Civil service workers will be balloted for strikes over pay, which could see 150,000 workers walk out.
This follows a near-unanimous vote at the PCS union conference in Brighton on Tuesday.
PCS general secretary Mark Serwotka told delegates, "Our members deserve a fair pay rise to make up for years of pay restraint.
"But we have been told there is only 1 percent in the budget for pay unlike other parts of the public sector.
"This is a disgraceful way for the government to treat its own workforce."
Earlier shadow chancellor John McDonnell addressed the conference and said that when Labour is elected “trade unions are going into government” with us.
He also expressed support for the strike saying, “We’ll be alongside you on every picket line.”
Workers in government departments have suffered a pay freeze or 1 percent increases—well below inflation—for some eight years. And the Tories have told PCS to expect yet another real terms pay cut next year or sacrifice terms and conditions for a measly 2 or 3 percent.
PCS activists at department group conferences on Monday had already begun rallying to launch the ballot.
Marianne Owens from the PCS’s HM Revenue and Customs group executive committee (GEC) told her conference, “We want the pay rise that we deserve.
“We’re not going to accept changes to terms and conditions in return for a paltry 2 or 3 percent.
“That doesn’t come anywhere near what we’ve actually lost over the last decade.”
More than 50 percent of PCS members will need to take part in the ballot to lawfully strike—a result of Tory anti-union laws.
But activists can build a campaign to win a strike vote after a strong consultative ballot last year. More than 79 percent voted to say they would be ready to strike, on a turnout of almost 49 percent—over 70,000 members.
Marianne said, “The consultative ballot was ground-breaking. Overall we just missed the 50 percent threshold, but it’s the biggest turnout we’ve had in a ballot in PCS’s history.
“Our activists and members are no different to the activists and members in the CWU who achieved a 73 percent turnout in their recent strike ballot.
“We’re no different to the UCU where they had a magnificent 88 percent yes vote for strikes with a 58 percent turnout.
“We can see this 50 percent hurdle as a challenge. We need to go back to our branches and start to build.”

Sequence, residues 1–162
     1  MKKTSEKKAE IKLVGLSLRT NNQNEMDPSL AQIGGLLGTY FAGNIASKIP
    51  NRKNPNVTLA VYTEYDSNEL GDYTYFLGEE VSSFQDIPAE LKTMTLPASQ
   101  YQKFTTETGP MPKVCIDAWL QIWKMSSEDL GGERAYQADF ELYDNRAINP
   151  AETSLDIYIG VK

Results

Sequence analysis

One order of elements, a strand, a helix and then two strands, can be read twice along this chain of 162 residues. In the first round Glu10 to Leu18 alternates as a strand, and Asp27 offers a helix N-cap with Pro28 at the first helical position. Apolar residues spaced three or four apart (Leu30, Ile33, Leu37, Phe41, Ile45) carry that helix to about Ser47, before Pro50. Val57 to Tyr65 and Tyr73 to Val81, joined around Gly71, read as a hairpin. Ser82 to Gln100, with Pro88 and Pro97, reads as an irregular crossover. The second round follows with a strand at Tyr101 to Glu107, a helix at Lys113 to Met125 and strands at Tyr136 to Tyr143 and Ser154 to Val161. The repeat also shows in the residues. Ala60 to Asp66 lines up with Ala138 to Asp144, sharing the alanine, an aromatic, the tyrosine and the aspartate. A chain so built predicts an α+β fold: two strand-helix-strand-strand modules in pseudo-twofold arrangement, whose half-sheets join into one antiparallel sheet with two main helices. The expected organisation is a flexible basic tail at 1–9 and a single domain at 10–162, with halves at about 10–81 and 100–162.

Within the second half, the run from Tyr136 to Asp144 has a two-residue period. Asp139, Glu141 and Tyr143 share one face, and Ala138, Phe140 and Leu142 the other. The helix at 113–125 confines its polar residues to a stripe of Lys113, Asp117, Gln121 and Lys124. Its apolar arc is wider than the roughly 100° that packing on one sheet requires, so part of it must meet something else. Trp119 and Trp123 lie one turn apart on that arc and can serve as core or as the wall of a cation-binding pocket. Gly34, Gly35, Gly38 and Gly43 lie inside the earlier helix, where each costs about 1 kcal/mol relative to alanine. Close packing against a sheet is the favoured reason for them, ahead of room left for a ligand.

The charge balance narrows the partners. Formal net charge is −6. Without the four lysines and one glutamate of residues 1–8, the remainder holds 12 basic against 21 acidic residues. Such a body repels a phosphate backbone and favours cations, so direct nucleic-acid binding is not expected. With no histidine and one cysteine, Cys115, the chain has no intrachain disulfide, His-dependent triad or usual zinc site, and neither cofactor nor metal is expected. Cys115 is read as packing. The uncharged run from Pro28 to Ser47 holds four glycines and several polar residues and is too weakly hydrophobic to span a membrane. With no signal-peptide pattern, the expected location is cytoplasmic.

Activists in the Department for Work and Pensions (DWP) group were also gearing up for a ballot.
A pay deal in 2016 saw some DWP workers get pay increases above 1 percent over four years in exchange for worse terms and conditions.
Some activists worry that this will mean members in the DWP will be less willing to strike against the pay cap.
Yet speaking in a personal capacity Steve West from the DWP GEC told Socialist Worker, “Whenever I speak to members they’re all up for a fight over pay.”
And Kate Douglas, from Buckinghamshire and Oxfordshire DWP, told the conference that a strong campaign involving activists and members makes a crucial difference.
“Members in my branch feel very strongly about pay and feel quite let down by the four-year employee deal on pay,” she said.
“But since the indicative ballot last year my branch has worked really hard. We have recruited nine new reps since February alone. We’ve got membership density of 95 percent in some offices.”
She added, “Now is the time to fight. The government clearly is not going to move voluntarily.”
Serwotka told activists that a strike vote wouldn’t just be “a mandate to protest as some form of letting off steam”.
He said members should “take a leaf from the lecturers in the UCU to take action that will have an effect that they cannot ignore.”
He added that a ballot would need to take place quickly to avoid being overtaken by annual pay talks. Yet he also said a strong ballot result could be “leverage” in talks.
Marianne told the HMRC conference, “Look at what we oppose—a Tory government in chaos. Brexit, Grenfell, Windrush. They’re a minority government propped up by the DUP.
“Could they really withstand sustained industrial action from the whole of the civil service?”
Serwotka said the union would wait for a response from the government and then “re-consult” members on taking action.
He also suggested the action could take the form of “targeted” strikes in the DVLA and the Border Force.
But the best way to show the government—and PCS members—that the union is serious about fighting would be to call immediate, hard hitting action involving the whole membership.